'Haunted by our pal Rob's violent death'
PUBLISHED: 17:17 11 March 2009 | UPDATED: 09:43 12 August 2010
I HAVE a video in my head of everything that happened that night, but I don t ever want to play it again. It is almost a year on from when teenager Rob Knox
I HAVE a video in my head of everything that happened that night, but I don't ever want to play it again."
It is almost a year on from when teenager Rob Knox and his friends were viciously set upon by knife-wielding thug Karl Bishop outside the Metro bar in Sidcup.
But the mental scars they suffered alongside their physical injuries feel like it happened just yesterday.
Tom Hopkins, 19, who was with his friends on that fateful night on May 23 last year, told the Times he can never forget the moment his pal was stabbed five times whilst enjoying 'a normal night out'.
Mr Hopkins, who was overcome by tears whilst giving evidence to the Old Bailey last month, said: "Even sitting here now I don't replay that video.
"The only times I have played it was when I first told my mum and when I was in court. Both times I broke down.
"I still have trouble sleeping after what I saw."
The footballer had been at the bar in Station Road, Sidcup with his friends, Andy Dormer and Charlie Grimley, both now 17, when Bishop appeared at the bar having threatened to stab Mr Knox's brother, Jamie.
After Dean Saunders, one of Mr Knox's friends, threw a punch at the knifeman, Bishop stabbed Mr Dormer below the neck then stabbed four others including Mr Knox as he tried to restrain him.
Mr Hopkins received a minor cut to the back of his head as he wrestled Bishop to the ground.
Bishop was cleared of wounding Mr Hopkins but found guilty of wounding with intent to cause GBH of Charlie Grimley and Nicky Lee Jones and of wounding Dean Saunders and Andy Dormer.
He was jailed for at least 20 years in prison last Thursday (March 5).
Mr Hopkins said: "For us it's never going to be enough no matter how long he gets because it will never bring Rob back.
"At the moment I hope he suffers so much in that 20 years and never comes out."
Mr Grimley added: "It just shows how poor English law is that he got four consecutive sentences - in 20 years time he will be out and can have a life. Rob can't have that."
Dean Saunders, now 22, was particularly affected by the attack, which has left him requiring a walking stick.
The eldest of the victims was stabbed in the neck by Bishop and suffered spinal injury that has left him with a general weakness in all his limbs.
Traumatised by his last encounter with Bishop, Mr Saunders asked that a screen separate them at the Old Bailey.
Bromley College student Mr Dormer said: "I've known Dean a long time through the Metro bar.
"The first time I ever saw any aggression from him was the night Karl Bishop hit him. He never had an aggressive bone in him. I think Bishop went down to Metro for Dean, not for Rob."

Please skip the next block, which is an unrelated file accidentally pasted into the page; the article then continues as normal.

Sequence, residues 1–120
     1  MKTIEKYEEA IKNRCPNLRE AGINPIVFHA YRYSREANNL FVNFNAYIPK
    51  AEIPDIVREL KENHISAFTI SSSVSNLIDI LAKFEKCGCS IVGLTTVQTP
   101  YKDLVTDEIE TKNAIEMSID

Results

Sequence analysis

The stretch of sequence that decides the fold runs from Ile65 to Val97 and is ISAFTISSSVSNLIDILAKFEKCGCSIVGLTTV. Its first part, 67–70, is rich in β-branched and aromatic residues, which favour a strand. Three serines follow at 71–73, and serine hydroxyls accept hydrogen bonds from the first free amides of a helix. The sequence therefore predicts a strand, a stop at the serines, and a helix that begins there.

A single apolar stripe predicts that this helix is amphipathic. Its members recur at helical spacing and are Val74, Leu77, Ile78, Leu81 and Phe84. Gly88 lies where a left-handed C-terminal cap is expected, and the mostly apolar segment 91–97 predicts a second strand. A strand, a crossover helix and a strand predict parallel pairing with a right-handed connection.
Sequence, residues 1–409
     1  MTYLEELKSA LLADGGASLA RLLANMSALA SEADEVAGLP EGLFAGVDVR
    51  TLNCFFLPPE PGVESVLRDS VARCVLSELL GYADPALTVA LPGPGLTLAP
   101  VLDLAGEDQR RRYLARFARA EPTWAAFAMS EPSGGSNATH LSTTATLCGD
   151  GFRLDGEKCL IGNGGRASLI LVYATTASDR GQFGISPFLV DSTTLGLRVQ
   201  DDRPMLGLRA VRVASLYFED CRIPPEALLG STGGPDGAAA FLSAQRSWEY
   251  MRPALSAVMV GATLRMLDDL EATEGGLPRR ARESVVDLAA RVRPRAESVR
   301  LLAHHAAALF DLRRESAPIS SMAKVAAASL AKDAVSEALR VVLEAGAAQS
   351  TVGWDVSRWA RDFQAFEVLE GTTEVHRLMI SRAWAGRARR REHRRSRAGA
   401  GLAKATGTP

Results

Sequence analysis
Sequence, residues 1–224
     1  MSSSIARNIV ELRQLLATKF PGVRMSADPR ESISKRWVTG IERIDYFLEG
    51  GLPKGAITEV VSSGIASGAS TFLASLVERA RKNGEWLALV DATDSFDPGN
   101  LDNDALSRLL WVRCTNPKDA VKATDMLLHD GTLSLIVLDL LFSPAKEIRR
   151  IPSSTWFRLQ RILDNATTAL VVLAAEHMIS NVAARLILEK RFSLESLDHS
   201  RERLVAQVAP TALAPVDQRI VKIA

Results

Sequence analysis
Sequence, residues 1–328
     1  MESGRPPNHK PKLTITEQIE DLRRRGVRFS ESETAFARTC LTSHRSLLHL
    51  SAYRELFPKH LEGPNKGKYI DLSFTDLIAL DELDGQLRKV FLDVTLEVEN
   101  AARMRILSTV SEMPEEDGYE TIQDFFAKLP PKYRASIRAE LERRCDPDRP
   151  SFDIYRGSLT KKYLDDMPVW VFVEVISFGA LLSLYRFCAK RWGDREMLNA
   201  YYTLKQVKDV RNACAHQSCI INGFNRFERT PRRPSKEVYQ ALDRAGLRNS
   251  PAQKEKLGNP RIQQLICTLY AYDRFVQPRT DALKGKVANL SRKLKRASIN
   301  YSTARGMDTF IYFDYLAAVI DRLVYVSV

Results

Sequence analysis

Despite Mr Knox's untimely death days after finishing playing Marcus Belby in Harry Potter and the Half Blood Prince, his friends wonder whether lessons were learnt from the tragedy.
"I don't think it has really affected the youths in this area," said Mr Dormer. "Only those of us who went through the emotional turmoil.
"Sometimes at Metro you still get a load of boys there who are clearly looking for trouble and you feel like asking them 'are you even aware what has happened here?'"
Aged just 16 at the time of the attack, Mr Dormer recalled when the crazed Bishop plunged a knife under his collarbone.
He said: "We were all covered in blood. Everyone was covered in blood. I don't even remember falling asleep but I did. Charlie was trying to keep me awake, asking me his name.
"I said 'Charlie' and he slapped me and said 'It's Grimley'."
Former Hurstmere School pupil Mr Grimley, a mechanic, said: "I feel I have to think about people having knives now when I never used to.
"I've never been one to get into fights, but now I feel paranoid I'm going to relive that night. You want to stay away from trouble."
The three teenagers laugh and joke as they speak about what has happened since the murder, and reflect the sense of humour they all accredit to their lost friend.
The friends recall former Bromley drama student Mr Knox as a normal, down to earth friend who was always joking, but always strong-headed and protective of his brother.
Within weeks of his death, Mr Knox was posthumously given a Bravery award for chasing two youths who hit a woman with a bottle from Bluewater shopping centre.
But according to his friends, his employers had initially reprimanded him for his actions.
Mr Dormer said: "I remember the night after it happened, he told me his bosses at Marks and Spencer gave him a disciplinary.
"He was p***ed off because he did the right thing. He helped the security guards and the police chase these guys but he got in trouble for it. He said he still would have done it again."
The victims and their friends plan to light candles at the Metro bar in memory of Mr Knox on the anniversary of the attack on May 23.
Mr Knox's parents are raising money to give on youth projects in Sidcup. To donate to their memorial fund visit www.robknox.co.uk.